Here in Canada, this somewhat competes with with our other non restricted black rifles in 223 and 308 rifles like the XCR-M, Tavor, and ACR. Where I think the PAR has a big advantage is in accuracy. Many of the PAR’s out there are seeing 1-2 MOA accuracy, which is considerably better than the 2-5 MOA that most of those other rifles are capable of producing. Because the Troy PAR shares more components with the AR platform, it’s also more customizable and inexpensive to customize. Adding a new trigger to your PAR in 223 will be considerably cheaper than buying one for your Tavor. The rifle itself is also incredibly reasonably priced compared to those other non restricted black rifles. With the Tavor at around $2800, XCR at $2800 and ACR at $3000, it’s a lot cheaper. It’s more expensive than something like the T97 or CZ858, but I’d argue that it’s in a different quality class than those rifles.
Troy PAR as a Coyote Rifle
The Troy PAR in 223 is a fantastic choice for a coyote/varmint rifle. Light, accurate, with fast follow up shots is exactly what you need in a varmint rifle. The 308 version can be used for deer and larger game, but it’s not really the best choice. It’s bulkier than a bolt action rifle and will likely come in a bit heavier. Quick follow up shots are also not necessarily as important on deer because you’re not doubling up like you can on a pair of coyotes with the PAR in 223. Still, if you want a cool 308 rifle that is fun at the range and can do a deer in a pinch, the Troy PAR in 308 is a pretty tough package to beat.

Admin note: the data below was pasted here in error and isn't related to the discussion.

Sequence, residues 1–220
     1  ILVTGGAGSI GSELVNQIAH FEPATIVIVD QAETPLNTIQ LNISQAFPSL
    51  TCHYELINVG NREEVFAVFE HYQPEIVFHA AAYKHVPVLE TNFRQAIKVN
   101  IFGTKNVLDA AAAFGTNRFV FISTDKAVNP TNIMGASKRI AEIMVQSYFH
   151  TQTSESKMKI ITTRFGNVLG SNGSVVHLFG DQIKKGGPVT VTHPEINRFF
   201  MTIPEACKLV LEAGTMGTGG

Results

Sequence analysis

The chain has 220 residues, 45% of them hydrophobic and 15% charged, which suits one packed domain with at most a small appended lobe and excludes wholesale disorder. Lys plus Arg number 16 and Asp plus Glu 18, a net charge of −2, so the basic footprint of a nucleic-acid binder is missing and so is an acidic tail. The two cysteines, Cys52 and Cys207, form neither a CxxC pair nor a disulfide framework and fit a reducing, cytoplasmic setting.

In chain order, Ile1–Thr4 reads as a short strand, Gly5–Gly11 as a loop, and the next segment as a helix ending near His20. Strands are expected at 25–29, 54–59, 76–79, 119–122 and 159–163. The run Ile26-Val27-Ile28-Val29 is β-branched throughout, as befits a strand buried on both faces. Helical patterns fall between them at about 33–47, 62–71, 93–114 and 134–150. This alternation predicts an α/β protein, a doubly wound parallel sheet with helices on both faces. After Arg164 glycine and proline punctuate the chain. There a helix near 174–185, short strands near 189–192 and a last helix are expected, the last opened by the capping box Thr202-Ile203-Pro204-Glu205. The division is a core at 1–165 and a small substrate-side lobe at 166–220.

Troy PAR Optics
Optics for the PAR line up exactly with optics you’d choose for any AR platform and should reflect the type of shooting you want to do with it. If you’re up close, irons or a simple red dot will do the trick. A 1-4 scope comes with more flexibility and extends the distance that most people will be able to make hits with. With the accuracy that the rifle is capable of, you could always go with more magnification as well. A 2-7 or 3-9 would work fine for longer range work. Just make sure to use a standard AR-height scope mount if you go with an optic.
Troy PAR Disassembly
Troy PAR Accuracy
There are many users out there reporting superb accuracy with their Troy PAR’s. I will say that the first few boxes out of this 308 were very disappointing. I saw closer to 5 MOA groups at 100 yards. But, after running a few boxes through, the barrel fouled and groups tightened up considerably with the ammo that it liked. I will note that some people have had accuracy problems from theirs and that this particular rifle was VERY picky. With the right ammo it turned in nice tight groups under 1 MOA, but it shot like total trash with other types of ammo even after being worked in.
Within the Canadian context of things, there aren’t very many non restricted black rifles to choose from, and they’re all very pricey. Getting a fast-firing black rifle with a rail top, excellent ergonomics, and great accuracy at around $1000 used to be impossible. Now with the Troy PAR in Canada, it’s easily within reach. While the trigger could use replacing with another model, and the stock could be better, those are both items that the user can easily address later with the incredible selection in aftermarket parts. And if you want to go hunting deer with a black rifle, the PAR is absolutely the best option at this point.